During a supposedly secret meeting last month, Microsoft officials recently asked OSDL CEO Stuart Cohen whether OSDL might consider conducting a joint-research study which would provide some "fact-based analysis" on Windows vs. Linux.
Cohen politely declined, expressing skepticism about Microsofts intentions before, during and after such a joint endeavor.
But then Cohen did the Redmondians one better. He called Microsofts bluff. Cohen came back with a suggestion on an arena in which the two could potentially collaborate: Office for Linux.
"As you look at the acceleration of Linux on the desktop, making Office available to run on top of Linux is something I think we could work on together, especially to meet the needs of those Global 2000 customers with a large number of Linux servers, which they are growing rapidly and are matching their number of Windows servers," Cohen told eWEEK Senior Editor Peter Galli.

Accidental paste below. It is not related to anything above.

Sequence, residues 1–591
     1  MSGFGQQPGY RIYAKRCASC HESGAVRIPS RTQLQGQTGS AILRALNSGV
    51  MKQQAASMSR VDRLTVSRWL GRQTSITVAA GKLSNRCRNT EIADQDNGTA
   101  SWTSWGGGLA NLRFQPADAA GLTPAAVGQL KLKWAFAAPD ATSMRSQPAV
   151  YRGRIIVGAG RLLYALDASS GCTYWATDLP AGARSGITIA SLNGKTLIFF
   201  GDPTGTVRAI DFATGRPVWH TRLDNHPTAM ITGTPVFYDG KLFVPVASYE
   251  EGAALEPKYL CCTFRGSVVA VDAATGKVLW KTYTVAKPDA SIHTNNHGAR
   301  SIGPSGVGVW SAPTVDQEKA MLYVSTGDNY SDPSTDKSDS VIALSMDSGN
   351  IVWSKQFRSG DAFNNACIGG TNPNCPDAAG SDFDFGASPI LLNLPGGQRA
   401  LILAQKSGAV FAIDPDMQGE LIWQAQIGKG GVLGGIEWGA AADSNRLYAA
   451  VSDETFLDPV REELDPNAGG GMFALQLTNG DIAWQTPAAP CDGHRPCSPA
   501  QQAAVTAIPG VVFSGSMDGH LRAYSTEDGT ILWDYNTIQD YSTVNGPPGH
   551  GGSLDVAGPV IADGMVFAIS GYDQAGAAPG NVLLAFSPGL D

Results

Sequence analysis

Cohens suggestion was nothing more than bluff calling.
Microsoft wants no parts of that project. And, just as I could understand completely the OSDLs reasons for rebuffing Redmonds joint-study proposal, I can fathom Microsofts myriad reasons for continuing to shun an Office for Linux variant.
Sure, Microsoft could port Office to Linux. Although company officials insist they have not done so, I would wager someone, somewhere at Microsoft has created a proof-of-concept demo, at the very least.